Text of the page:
In the Hitchhiker’s Guide to the Galaxy, the author mentions how very useful a towel can be and insists that you shouldn’t leave home without it.  While I’m not that attached to my towels personally I do consider that people really should consider investing some money into some things that will be used daily for a while like a towel.

In our cause I wasn’t particularly surprised when my wife one day recently mentioned to me that perhaps we should consider getting some new towels for the bathroom.  After all there were starting to look a bit faded and my washcloth was starting to fray a bit at the edge, which isn’t entirely surprising given we have been rotating the same two sets of towels (2 bath towels, 1 hand towel and two washcloths per set) in our bathroom for the last 10 years.  Yes, you read that last line correctly, our current towels are older than my youngest child and almost as old as my oldest son.

This isn’t to say that I’m a cheap bastard that won’t buy a new towel, but rather I’m a picky bastard that wants to use a good towel.  After all if I’m going to be rubbing myself dry with something that often I want it to not feel like sandpaper or be so small that a soak half of it after drying off my chest (yes I’m looking at you cheap hotel towels).  So our last set of towels were bought were not the Walmart special but rather the 100% Egyptian cotton, large, soft  and well made.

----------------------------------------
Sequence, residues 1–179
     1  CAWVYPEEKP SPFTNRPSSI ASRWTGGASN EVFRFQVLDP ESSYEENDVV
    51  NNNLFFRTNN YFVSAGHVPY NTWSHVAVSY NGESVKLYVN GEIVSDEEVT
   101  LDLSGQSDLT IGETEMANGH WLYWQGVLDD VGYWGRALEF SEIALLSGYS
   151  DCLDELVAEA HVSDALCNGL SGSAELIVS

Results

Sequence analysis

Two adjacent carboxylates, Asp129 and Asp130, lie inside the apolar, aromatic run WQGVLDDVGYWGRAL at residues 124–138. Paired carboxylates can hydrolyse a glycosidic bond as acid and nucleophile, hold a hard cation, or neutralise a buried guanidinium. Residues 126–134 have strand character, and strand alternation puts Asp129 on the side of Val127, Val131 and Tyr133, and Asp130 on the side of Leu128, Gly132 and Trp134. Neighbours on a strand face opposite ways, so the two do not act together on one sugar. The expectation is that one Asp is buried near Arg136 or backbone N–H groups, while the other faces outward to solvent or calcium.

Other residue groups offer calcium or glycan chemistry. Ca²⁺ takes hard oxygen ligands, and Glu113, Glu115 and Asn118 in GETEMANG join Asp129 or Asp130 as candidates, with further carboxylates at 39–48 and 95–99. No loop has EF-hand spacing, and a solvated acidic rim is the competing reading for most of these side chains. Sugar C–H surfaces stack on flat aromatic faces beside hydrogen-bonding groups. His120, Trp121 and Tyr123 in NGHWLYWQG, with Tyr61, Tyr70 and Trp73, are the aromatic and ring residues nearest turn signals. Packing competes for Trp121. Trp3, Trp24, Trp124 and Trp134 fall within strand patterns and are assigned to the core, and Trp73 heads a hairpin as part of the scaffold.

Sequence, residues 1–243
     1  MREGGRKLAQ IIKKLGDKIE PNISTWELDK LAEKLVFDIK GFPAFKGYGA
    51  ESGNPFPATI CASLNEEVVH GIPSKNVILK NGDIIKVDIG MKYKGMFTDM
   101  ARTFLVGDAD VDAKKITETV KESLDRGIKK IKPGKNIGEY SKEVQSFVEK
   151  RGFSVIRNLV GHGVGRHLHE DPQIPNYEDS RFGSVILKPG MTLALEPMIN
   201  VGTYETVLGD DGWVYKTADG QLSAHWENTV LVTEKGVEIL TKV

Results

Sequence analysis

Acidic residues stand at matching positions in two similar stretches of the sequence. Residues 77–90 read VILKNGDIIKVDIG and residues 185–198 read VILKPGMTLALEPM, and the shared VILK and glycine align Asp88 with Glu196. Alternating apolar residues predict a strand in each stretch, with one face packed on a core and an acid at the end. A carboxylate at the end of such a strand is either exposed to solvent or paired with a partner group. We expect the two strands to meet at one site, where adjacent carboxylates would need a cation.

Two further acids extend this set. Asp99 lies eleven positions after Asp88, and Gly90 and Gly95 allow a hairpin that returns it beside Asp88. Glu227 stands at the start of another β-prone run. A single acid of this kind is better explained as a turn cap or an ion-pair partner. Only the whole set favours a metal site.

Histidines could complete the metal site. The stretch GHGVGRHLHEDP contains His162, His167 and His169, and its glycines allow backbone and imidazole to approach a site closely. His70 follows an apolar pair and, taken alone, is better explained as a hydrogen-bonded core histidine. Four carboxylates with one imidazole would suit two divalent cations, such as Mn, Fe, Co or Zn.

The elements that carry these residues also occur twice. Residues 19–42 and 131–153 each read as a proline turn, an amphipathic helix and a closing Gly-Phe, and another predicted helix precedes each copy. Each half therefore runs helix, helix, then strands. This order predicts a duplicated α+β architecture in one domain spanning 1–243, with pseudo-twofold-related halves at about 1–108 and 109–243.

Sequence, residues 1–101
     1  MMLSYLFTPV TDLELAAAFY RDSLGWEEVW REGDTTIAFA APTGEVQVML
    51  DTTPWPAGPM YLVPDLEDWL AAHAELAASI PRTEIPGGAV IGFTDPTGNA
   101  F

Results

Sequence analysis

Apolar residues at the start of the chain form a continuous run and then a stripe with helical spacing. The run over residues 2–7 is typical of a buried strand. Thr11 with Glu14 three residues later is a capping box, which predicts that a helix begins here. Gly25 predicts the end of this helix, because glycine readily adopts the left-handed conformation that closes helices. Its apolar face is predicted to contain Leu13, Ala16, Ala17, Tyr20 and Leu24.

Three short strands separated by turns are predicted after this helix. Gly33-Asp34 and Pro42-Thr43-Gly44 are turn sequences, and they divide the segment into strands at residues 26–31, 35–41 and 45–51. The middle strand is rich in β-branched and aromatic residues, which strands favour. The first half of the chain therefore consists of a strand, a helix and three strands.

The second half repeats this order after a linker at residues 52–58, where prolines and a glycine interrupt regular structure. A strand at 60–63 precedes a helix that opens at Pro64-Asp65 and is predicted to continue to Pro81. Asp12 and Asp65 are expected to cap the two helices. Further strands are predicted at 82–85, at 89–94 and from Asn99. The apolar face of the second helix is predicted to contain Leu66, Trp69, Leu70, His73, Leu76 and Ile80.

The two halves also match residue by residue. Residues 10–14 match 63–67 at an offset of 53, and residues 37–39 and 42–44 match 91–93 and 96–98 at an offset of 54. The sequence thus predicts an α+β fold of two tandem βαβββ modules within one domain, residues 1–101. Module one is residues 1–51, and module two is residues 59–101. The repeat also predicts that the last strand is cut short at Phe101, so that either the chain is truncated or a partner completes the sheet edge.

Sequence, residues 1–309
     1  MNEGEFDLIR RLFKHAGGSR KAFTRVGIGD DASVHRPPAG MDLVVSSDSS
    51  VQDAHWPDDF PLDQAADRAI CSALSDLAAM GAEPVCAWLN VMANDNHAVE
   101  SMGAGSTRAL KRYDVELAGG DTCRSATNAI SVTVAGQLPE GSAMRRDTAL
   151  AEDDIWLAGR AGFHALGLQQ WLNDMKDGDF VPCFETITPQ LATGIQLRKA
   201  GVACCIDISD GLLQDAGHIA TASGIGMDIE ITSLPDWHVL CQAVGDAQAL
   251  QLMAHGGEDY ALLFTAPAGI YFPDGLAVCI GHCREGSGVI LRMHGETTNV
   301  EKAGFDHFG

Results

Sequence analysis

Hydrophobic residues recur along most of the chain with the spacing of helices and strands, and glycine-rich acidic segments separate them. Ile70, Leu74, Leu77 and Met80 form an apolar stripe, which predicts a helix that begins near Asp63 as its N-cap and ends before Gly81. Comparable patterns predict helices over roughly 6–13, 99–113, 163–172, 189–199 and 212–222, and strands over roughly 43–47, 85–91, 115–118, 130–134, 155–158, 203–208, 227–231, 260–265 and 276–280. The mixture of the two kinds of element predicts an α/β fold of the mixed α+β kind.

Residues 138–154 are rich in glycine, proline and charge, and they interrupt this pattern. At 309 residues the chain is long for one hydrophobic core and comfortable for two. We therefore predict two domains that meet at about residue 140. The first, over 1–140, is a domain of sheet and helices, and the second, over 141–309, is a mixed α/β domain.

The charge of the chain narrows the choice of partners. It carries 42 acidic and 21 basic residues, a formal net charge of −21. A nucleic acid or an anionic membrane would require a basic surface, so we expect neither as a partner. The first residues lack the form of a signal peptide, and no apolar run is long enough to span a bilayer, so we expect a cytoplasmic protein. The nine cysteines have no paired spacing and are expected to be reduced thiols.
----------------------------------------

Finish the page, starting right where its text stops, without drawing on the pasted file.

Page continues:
Of course just because I want a good towel doesn’t mean I should spend a lot of money on it.  So when store had a sale on their towels (buy one get the second for a dollar) we went looking to see if we liked them or not.  If not, we would get some other sale, after all we didn’t need the new towel today, just sometime.  Yet we found we like the ones in the store and found a colour that would match the bathroom and only ended up spending $69 on two sets of towels (one for us and one for our boys…my wife couldn’t find a second set for us that she liked and insisted she didn’t want just one colour for our bathroom…needless to say I just smiled and agreed).  So $69 might seem a bit pricey for two sets, but when you consider I will be using it daily for the next 10 years the cost per use gets fairly low.

The problem  is people can confuse the fact that sometimes spending more money on something good quality may in fact be the cheaper option per use in the long run.  After all replacing a cheap towel more frequently can end add up.  Let’s say you spend $20 on towels every two years, well over a decade that ends up being $100 instead of $70 for better quality.

For me I tend to be willing to invest more money into high use items like a towel, bed sheets or a pillow.  But of course it does come down to what you personally value in your life.  If you really don’t care what you use for a towel, go ahead and buy what ever.  Just don’t forget your towel if you hitch a ride with an alien prior to the Earth getting blown up. ;)

So what do you spend more money on upfront on?